6 Overarching principles As adults we have an obligation to ensure our children are protected and cared for so they can grow and develop to their full potential. The United Nations Convention on the Rights of the Child emphasises children have their own rights and entitlements, and because of their youth they need extra protection. In line with Australia's obligations as signatory to the Convention on the Rights of the Child the following principles apply: all children have a right to grow up in an environment free from neglect and abuse their best interests are paramount children and their families have the right to participate in decisions affecting them improving the safety and wellbeing of children is a national priority the safety and wellbeing of children is primarily the responsibility of their family, who should be supported by their community and government Australian society values, supports and works in partnership with parents, families and others in fulfilling their caring responsibilities for children children's rights are upheld by systems and institutions policies and interventions are evidence based.
7 National framework The same principles underpin the Council of Australian Governments (COAG) endorsed National Framework for Protecting Australia's Children 2009 2020. The framework guides how the Australian Government will work with non-government organisations to ensure children and young people are safe and well. Child abuse and neglect is recognised as one of Australia's most serious concerns a collaborative approach is required by all levels of government and non-government organisations to improve the lives and opportunities of children and their families. 5. Child abuse and neglect education module : Responsibility, recognising and reporting Queensland whole-of-government approach The Queensland Government is committed to protecting children and young people from harm. The department partners with the Department of Communities, Child Safety and Disability Services (DCCSDS); Queensland Police Service (QPS).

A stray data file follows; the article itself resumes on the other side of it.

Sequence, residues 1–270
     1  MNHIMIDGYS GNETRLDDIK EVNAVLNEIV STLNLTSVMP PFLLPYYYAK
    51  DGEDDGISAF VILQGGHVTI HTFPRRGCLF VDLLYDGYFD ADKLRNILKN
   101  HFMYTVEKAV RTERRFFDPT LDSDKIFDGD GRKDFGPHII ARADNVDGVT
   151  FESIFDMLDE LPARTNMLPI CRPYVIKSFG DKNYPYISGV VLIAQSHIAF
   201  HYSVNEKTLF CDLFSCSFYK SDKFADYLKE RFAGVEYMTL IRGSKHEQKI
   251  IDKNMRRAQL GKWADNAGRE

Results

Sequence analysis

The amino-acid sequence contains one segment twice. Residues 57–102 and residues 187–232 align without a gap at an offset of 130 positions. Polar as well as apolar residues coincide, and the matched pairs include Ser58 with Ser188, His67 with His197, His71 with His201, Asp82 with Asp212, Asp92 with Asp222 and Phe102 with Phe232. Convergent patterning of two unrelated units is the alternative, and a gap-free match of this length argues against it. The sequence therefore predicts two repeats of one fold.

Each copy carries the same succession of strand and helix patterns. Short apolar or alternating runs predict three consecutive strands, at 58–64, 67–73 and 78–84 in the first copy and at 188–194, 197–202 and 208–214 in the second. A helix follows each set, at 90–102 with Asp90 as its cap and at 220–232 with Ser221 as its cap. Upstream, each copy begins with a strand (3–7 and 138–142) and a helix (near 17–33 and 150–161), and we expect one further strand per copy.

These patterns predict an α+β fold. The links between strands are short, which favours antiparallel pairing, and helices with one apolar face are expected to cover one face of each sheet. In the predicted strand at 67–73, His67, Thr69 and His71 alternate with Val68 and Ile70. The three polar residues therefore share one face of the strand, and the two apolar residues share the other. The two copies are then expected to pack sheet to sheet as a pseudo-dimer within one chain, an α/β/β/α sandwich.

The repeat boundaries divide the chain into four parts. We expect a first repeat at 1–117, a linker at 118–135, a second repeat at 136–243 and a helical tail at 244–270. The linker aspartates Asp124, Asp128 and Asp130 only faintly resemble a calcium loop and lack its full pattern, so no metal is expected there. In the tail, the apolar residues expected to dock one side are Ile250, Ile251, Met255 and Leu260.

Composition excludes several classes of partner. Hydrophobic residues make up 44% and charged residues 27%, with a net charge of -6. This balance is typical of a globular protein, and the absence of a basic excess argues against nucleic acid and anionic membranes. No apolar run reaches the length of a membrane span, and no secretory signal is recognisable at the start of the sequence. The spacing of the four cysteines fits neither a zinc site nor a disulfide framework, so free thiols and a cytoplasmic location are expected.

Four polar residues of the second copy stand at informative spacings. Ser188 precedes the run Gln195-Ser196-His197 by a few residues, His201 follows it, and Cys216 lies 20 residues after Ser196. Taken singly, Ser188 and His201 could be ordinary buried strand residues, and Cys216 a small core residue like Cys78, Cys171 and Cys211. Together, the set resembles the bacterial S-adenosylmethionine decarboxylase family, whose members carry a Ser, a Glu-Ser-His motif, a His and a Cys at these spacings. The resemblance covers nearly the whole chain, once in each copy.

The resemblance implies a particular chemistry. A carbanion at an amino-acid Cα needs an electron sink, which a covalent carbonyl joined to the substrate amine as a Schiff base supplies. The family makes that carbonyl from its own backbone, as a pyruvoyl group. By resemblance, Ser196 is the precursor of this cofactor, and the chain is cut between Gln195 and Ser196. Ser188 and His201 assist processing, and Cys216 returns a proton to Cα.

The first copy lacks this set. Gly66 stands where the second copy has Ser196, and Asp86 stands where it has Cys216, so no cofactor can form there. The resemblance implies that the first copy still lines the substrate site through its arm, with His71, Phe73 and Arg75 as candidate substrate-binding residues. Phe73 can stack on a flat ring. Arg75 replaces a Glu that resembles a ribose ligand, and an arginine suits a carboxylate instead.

8 And Department of education , Training and Employment (DETE) in a number of forums to ensure the safety and wellbeing of children and young people. Department of Communities, Child Safety and Disability Services The Child Protection Act 1999 is the overarching legislation relating to the protection, welfare and best interests of children and young people, and is administered by DCCSDS. The role of Child Safety Services (CSS) is to: investigate reports that allege a Child has been harmed or is at risk of harm ensure an ongoing provision of services to children who have been assessed as experiencing, or being at risk of experiencing, significant harm in the future act as the lead agency in facilitating a whole-of-government response to Child protection issues including the SCAN. and ICM. The Director-General (also the Chief Executive) and all Child safety officers from CSS are authorised officers under Section 149 of the Child Protection Act 1999.
9 They have the power to investigate allegations of harm or alleged risk of harm to a Child , and assess the Child 's need of protection or take appropriate action under the Child Protection Act 1999. The information exchange' provisions contained in Chapter 5A of the Child Protection Act 1999 provides an entitlement for certain service providers ( health, Child safety, community services, education and police officers) to share or exchange confidential information about a Child where it is done so in accordance with the Act to meet the protection and care needs of children and promote their wellbeing. Queensland Police Service Queensland police officers have legal provisions within the Child Protection Act 1999 for Child protection investigations and responses, given the possibility of the commission of a criminal offence related to the alleged harm to a child1.
10 Section 159O of the Child Protection Act 1999 says all health professionals are allowed to provide confidential information directly to Queensland police officers if it is relevant to the protection or wellbeing of a Child . Department of education , Training and Employment Senior guidance officers are core member agency representative of SCAN teams across Queensland . They assist state and non-state school principals with the referral of cases to an ICM or SCAN team meeting subject to the respective referral criteria. 1 Section 14(2) of the Child Protection Act 1999. 6. Department of Health Relevant legislation The legal responsibilities of health professionals in Queensland are outlined in the following Sections of the relevant Acts: Public Health Act 2005. Sections 158, 191 and 192 (mandatory reporting). Sections 195, 196 (protection from liability and confidentiality of notifiers).